Can I break my lease, get back my full deposit and be compensated for partial rent due to inconvenience and unihabitable conditions caused by a slab leak?

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Can I break my lease, get back my full deposit and be compensated for partial rent due to inconvenience and unihabitable conditions caused by a slab leak?

I had to wake up every 2 hours to wipe out the water leak to prevent the house from getting more damaged until the plumber came and fixed the leak. The whole process took about a month, and for that 4 week period, I had to take time off from work several times to meet the appointments due to the slab leak and for the restoration. I have decided to break the lease contract and move out.

Asked on May 5, 2012 under Real Estate Law, California

Answers:

S.L,. Member, California Bar / FreeAdvice Contributing Attorney

Answered 9 years ago | Contributor

Although you may be able to negotiate with the landlord and obtain compensation for partial rent, you would not be able to break the lease now and get your full deposit returned because the repairs have been made.  During the period when the slab leak had not been repaired, then you could have broken the lease and moved out and terminated your obligation to pay rent because the slab leak constituted a breach of the implied warranty of habitability.

In every lease, there is an implied warranty of habitability which requires the landlord to maintain the premises in a habitable condition by complying with local and state housing codes.  When there is a breach of the implied warranty of habitability, the tenant notifies the landlord and the landlord is required to respond within a reasonable time by making the necessary repairs.  When the landlord fails to respond within a reasonable time by making the necessary repairs, the tenant has the following options: The tenant can make the repairs and deduct the cost from the rent or the tenant can move out and terminate the obligation to pay rent for the balance of the term of the lease or if the tenant stays on the premises, the tenant can withhold rent and defend against eviction.  Another alternative is to sue the landlord for breach of the implied warranty of habitability.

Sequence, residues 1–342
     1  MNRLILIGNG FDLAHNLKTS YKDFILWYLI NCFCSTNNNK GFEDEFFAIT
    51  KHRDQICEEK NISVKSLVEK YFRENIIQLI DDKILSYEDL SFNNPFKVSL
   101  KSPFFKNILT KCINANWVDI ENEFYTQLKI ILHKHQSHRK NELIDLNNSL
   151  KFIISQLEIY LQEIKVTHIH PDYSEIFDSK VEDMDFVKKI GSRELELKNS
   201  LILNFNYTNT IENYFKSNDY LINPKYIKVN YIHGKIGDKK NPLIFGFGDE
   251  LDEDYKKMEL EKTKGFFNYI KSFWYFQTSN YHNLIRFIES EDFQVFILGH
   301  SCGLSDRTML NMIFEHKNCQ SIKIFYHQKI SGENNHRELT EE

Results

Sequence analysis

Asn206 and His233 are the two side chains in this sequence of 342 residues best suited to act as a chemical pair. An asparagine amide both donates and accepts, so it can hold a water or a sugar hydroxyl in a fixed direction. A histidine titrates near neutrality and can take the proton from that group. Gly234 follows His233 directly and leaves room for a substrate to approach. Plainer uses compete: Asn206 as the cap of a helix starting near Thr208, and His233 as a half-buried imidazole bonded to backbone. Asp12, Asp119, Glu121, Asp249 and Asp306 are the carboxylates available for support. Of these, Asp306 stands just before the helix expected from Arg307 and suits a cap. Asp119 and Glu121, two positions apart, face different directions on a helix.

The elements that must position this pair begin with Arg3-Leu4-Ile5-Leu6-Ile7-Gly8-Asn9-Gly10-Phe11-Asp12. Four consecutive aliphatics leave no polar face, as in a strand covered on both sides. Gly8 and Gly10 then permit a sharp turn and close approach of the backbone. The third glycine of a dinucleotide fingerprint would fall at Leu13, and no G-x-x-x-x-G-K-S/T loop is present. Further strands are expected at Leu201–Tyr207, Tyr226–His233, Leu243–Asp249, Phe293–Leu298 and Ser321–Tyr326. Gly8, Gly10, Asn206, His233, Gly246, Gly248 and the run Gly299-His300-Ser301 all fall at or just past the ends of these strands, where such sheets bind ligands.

Now that the repairs have been completed, there is no longer a breach of the implied warranty of habitability.  If you move out now, you will remain liable for the rent for the balance of the term of your lease or until the place is re-rented.  The landlord has to mitigate (minimize) damages by making reasonable efforts to find another tenant.  The landlord cannot allow the place to remain vacant for the balance of the term of your lease without making reasonable efforts to find another tenant.  If the landlord fails to make reasonable efforts to find another tenant, the landlord has failed to mitigate damages (the amount of compensation the landlord is claiming you owe for breaking the lease) and the landlord's damages will be reduced accordingly.  Reasonable efforts by a landlord to find another tenant are determined by what other landlords in the area are doing to attract tenants; for example, posting a sign on the premises advertising the vacancy, advertising the rental in the newspaper, online, in a local rental guide, etc.  Once the place is re-rented, your obligation to pay rent ends; however, if the new tenant is paying less rent than you were paying, you may be liable for the difference in rent for the balance of the term of your lease.  The landlord has to have a valid reason, such as market conditions, for charging the new tenant less rent than you were paying.  If the landlord does not have a valid reason, the landlord has failed to mitigate damages and the landlord's damages will be reduced accordingly.


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